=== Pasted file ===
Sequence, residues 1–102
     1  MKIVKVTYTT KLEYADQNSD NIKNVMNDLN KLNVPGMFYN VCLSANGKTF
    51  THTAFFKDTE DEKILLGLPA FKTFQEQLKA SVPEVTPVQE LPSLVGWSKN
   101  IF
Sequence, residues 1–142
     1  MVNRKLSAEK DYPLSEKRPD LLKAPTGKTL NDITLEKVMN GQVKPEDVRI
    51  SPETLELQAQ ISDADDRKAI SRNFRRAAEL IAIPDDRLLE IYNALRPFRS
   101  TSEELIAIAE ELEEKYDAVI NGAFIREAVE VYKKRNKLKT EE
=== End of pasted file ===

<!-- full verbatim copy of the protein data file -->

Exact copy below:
Sequence, residues 1–102
     1  MKIVKVTYTT KLEYADQNSD NIKNVMNDLN KLNVPGMFYN VCLSANGKTF
    51  THTAFFKDTE DEKILLGLPA FKTFQEQLKA SVPEVTPVQE LPSLVGWSKN
   101  IF
Sequence, residues 1–142
     1  MVNRKLSAEK DYPLSEKRPD LLKAPTGKTL NDITLEKVMN GQVKPEDVRI
    51  SPETLELQAQ ISDADDRKAI SRNFRRAAEL IAIPDDRLLE IYNALRPFRS
   101  TSEELIAIAE ELEEKYDAVI NGAFIREAVE VYKKRNKLKT EE